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- Poetry Contest
Click below to view the top three poems in our inaugural poetry contest held from March 22 through April 12 of 2023. Entries were submitted in children (ages 5 to 11), teen (ages 12 to 17), and adult (18+). The theme of the contest was "Connecting with Nature." Patrons from the Town of Kingston and other surrounding communities could submit one poem in any form. The winners were announced on April 25, 2023 on our website and through Social Media.
The Outdoors (1st Place)
Keira, 5th Grade, Hingham
Outdoors the wind can blow so high.
Outdoors is where the birds will fly.
Outdoors gives off such fresh, fresh air.
Outdoors will blow wind through my hair.
And every morning it’s fun to play.
And every night leaves will be blown away.
I am a Little Wolf Cub (2nd Place)
Salote, 3rd Grade, Pembroke
I am a little wolf cub
I like to be near my mom.
I eat red berries. The color
of my fur is gray and white.
I like the spring-time, my fur turns brown
to camouflage in the woods;
in the winter I turn light gray
to blend into the snow.
When I get scared, I press
against my mom, most of the time
she protects me from the bears and humans.
Some of the humans tried
to hunt my tribe, but my dad is
the leader of my wolf pack and he
scared them off.
I am a little wolf cub.
Under the Forest Canopy (3rd Place)
Oliver, 4th Grade, Plymouth
Under the forest canopy,
I rub my hands against the wet tree bark,
The solemn yet suspenseful dripping of water fills my ears,
I let my soul ascend to a brighter more beautiful place,
My hands squish the soil,
Nothing is more beautiful;
Nature's Beauty (1st Place)
Eli, 8th Grade, Kingston
Amidst the hustle and bustle of life,
We often forget to take a pause,
To breathe in the freshness of air,
And soak in the sunshines warmth.
As we connect with nature's embrace,
A transformation begins to take place,
As we connect with the earth under our feet,
And feel the world's heartbeat.
The rustling of leaves within the breeze,
The animals singing in the trees,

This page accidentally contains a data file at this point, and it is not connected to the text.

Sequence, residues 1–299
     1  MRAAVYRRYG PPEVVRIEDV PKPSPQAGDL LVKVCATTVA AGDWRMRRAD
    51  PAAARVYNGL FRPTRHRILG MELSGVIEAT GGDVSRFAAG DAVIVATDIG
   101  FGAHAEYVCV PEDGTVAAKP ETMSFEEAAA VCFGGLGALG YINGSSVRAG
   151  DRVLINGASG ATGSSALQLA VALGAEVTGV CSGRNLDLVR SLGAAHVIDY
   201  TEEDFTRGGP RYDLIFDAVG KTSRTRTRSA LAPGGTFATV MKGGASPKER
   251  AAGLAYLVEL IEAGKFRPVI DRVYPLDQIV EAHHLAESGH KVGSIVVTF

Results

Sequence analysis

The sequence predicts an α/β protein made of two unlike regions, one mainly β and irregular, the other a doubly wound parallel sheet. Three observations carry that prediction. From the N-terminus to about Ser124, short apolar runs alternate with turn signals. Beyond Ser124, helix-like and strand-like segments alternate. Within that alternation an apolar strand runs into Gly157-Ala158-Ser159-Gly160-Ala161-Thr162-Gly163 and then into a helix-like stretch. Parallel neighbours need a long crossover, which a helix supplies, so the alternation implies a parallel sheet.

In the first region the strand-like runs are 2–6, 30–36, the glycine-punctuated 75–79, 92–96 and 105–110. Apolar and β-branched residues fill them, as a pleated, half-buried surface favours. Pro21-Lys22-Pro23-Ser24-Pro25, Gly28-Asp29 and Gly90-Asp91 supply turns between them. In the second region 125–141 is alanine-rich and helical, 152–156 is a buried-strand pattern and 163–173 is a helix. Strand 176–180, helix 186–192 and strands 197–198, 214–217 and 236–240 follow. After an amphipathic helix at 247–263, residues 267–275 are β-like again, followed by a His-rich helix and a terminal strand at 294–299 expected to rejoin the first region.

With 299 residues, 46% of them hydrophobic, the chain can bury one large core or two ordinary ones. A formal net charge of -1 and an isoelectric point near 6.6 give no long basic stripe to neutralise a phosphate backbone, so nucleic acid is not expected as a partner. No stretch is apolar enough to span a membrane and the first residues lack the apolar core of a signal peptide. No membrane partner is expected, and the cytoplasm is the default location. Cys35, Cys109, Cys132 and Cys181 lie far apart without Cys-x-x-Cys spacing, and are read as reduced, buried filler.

The flowing brooks and violent waterfalls,
Speak to our souls and make us feel whole.
The mountains standing tall and proud,
The ocean waving so very loud,
The colors of the sky and sunset,
Show us beauty we will never forget.
In nature's embrace, we find peace,
A place to hide from all of our griefs,
A reminder we are part of something grand,
And that life is a journey, unplanned.
So let us take time to connect,
With the beauty of nature we often neglect,
For in its embrace we will find our way,
We will keep going everyday.
Summer (2nd Place)
Zoe, 7th Grade, Plympton
The daisies white
Life feels easy
Playing in the heat
Long days by the pool
Laying by the sea
That's what summer means to me
Nature to Me (3rd Place)
Molly, 7th Grade, Kingston
Nature is running through a field of dandelions on a warm spring day
Nature is birds chirping on a bright sunny morning
Nature is waves crashing at the beach on a hot summer afternoon
Nature is dancing in the rain during a balmy summer storm
Nature is butterflies fluttering around
Nature is walking in the woods and taking in the beauty with every breath
This is nature to me
Ant Dance (1st Place)
Maryann Gibbons, Kingston
A pinhole in the window
It took a while for us to see where they were coming from.
I asked if we should call an exterminator
He said the traps should do the trick.
I see an empty seat, but you said someone was sitting there.
The article said we should all find a way to live together.
No one did anything, and then the ants came on the TV.
Connection (2nd Place)
Rose Hickey, Kingston
Walking rainy streets, I see
a wet crow balancing on a streetlight,
its beady eyes are watching me -
I watch them back till bird takes flight.
Rain drums a tune upon the ground
Tree branches sigh and rustle low
The rain, the wind-- I’m quite spellbound
Wild skies above, wild me below.
I let my heart reach far beyond
wherever I have held it tight,
I’m one with sky and wind and rain,
I am the stormy start of night.
Revision (3rd Place)
Roselyn Kubek, Pembroke
In October I plan flower beds,
cultivate soil, use a hori hori
knife to measure precise depth,
spacing, rows, plant thirty bulbs
each selected for proper height,
light, bloom. By spring they’re all
scattered like children by birds or squirrels
or winter gnomes
who leave me one red tulip
that elbows through the compost pile
nods at me like royalty
while there and there
and even there
slip towards a stand of white pine
where two delinquent daffodils
giggle yellow heads together
more than enough
delight in April